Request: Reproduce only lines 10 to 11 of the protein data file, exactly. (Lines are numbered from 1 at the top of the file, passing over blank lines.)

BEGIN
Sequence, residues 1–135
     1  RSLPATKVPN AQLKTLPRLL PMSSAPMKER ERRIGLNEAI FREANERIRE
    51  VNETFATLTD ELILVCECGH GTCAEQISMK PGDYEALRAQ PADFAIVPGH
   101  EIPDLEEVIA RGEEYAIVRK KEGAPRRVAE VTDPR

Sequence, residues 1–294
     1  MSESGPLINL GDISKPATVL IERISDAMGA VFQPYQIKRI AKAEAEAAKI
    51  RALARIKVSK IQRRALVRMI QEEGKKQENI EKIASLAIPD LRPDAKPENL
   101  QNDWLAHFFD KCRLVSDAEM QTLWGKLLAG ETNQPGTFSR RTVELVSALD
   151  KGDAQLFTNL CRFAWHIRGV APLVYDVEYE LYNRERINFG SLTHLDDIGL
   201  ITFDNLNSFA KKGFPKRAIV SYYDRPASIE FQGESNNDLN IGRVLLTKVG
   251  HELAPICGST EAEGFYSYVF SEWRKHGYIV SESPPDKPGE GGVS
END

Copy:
   201  ITFDNLNSFA KKGFPKRAIV SYYDRPASIE FQGESNNDLN IGRVLLTKVG
   251  HELAPICGST EAEGFYSYVF SEWRKHGYIV SESPPDKPGE GGVS